The Chief Product Officer focuses on assessing all the products that the IT organization provides to the end users and identifying new opportunities to launch new products or to refine the current product set using emerging technologies. They create multi-year product roadmap and adjust the roadmap every quarter to ensure the IT organization is ready to deploy the products to the users. They also actively measure the various aspects of the IT products that are being delivered and ensure that new improvements demonstrate quantitative metrics enhancements.
Some of the Chief Product Officers would even need to actively collaborate with their counterpart product officers on the business side of the company that companies actually offer to the end users and decide how to structure both the business and IT application aspects of the products. The Products here become integrated business and IT products, which cut across end user customer experiences, underlying internal business processes, and the various IT applications and infrastructure required to deliver the customer experiences and business processes. Most importantly, the integrated business and IT products have direct linkage to the actual company’s bottom line, revenue and cost.
Chief Financial Officer
While most IT organizations have IT Finance already, their main jobs have been to create basic transparencies into budget vs. actual. The responsibilities have been more about basic IT financial analysis vs. a true CFO job, which is to look at both cash flow and asset liability management.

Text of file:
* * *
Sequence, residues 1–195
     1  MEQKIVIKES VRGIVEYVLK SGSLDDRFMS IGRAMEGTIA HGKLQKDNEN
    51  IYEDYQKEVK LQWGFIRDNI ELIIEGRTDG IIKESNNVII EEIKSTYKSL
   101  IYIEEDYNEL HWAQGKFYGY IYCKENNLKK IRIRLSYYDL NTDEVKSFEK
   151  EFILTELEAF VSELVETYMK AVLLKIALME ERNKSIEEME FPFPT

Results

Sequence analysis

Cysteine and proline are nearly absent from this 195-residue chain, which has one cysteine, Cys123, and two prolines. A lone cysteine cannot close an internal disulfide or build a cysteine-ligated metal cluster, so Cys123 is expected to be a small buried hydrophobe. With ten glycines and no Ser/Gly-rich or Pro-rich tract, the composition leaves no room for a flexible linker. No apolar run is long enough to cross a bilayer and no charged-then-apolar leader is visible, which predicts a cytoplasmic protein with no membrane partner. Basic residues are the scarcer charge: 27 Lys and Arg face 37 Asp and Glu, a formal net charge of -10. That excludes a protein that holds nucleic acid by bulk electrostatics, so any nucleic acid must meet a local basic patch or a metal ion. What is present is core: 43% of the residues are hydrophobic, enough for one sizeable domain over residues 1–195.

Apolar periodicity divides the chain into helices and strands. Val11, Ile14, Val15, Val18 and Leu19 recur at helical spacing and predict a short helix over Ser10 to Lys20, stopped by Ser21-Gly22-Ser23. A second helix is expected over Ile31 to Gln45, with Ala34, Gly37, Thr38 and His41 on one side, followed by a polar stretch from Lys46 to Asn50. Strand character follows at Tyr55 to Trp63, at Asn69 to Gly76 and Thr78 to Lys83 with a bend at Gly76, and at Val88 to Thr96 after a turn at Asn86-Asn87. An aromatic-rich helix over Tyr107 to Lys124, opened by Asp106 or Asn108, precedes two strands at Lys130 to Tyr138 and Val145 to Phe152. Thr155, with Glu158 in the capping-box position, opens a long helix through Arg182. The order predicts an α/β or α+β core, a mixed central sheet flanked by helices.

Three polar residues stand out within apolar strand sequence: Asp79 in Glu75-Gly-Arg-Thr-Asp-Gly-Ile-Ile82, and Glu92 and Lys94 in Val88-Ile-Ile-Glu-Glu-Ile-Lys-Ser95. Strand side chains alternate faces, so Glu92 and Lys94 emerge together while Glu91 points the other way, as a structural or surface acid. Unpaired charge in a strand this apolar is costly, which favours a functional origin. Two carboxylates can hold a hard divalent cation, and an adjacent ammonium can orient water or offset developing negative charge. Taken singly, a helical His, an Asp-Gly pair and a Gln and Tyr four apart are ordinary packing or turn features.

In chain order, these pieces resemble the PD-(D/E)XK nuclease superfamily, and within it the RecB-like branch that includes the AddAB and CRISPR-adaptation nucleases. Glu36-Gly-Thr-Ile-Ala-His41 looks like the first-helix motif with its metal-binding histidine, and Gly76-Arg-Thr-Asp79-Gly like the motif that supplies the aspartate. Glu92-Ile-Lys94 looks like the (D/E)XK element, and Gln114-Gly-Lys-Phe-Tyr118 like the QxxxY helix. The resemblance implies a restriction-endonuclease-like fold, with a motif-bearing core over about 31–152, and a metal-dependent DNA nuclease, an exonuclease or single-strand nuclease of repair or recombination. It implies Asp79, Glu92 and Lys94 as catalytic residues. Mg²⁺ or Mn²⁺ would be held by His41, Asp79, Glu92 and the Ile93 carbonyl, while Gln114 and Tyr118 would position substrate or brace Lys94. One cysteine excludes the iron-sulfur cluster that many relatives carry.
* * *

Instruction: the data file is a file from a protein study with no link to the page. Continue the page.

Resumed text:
A CFO for IT should be about imagining IT as a true standalone technology business and apply financial management rigor to manage the business. As companies shift from an application/project centric model to a product centric model for IT organizations, CFO for IT must be able to create a cost transparency model that supports such product centric paradigm. This would require IT finance to extend beyond the traditional measurement of changing the business vs. running the business, discretionary vs. non-discretionary. A true product based financial cost model is essential.
Furthermore, CFO for IT must also expand the old CAPEX vs. OPEX models. New business models in technology such as software as a subscription and cloud are pushing more and more IT spend into OPEX. However, many companies still manage IT investment in a distinct CAPEX vs. OPEX model. In the new world, CFO for IT must be able to create a Cash view that combines CAPEX and OPEX so that companies can evaluate the total cost of technology and determine what’s the best way to determine how to best determine new IT investment.
Lastly, given that many IT organizations are still focusing solely on supply management, the demand management and the ROI management from the IT investment are viewed as the business’ responsibilities. The CFO for IT must be able to go beyond that and actively track ROIs and work with the business to ensure IT investments are well managed
Chief Transformation Officer
Most companies today are undergoing a tremendous amount of technology transformation. They are shifting technology development and delivery methodologies to agile, they are launching new customer and employee journeys, they are changing the culture to be more cross functional and collaborative, and they are upgrading the talent to acquire the new skills across AI, analytics, etc. It’s an end to end transformation, across both business and IT. While many companies already have Program Management Offices in plan to manage major programs and projects. This transformation work is not your old PMO’s job. The old PMO focuses on creating a program plan and execute rigorously against that. The new transformation across culture, technology, talent, etc. would require us to upgrade the Head of PMO to be more of a Chief Transformation Officer to help the CEO and CIO to execute on the technology transformation.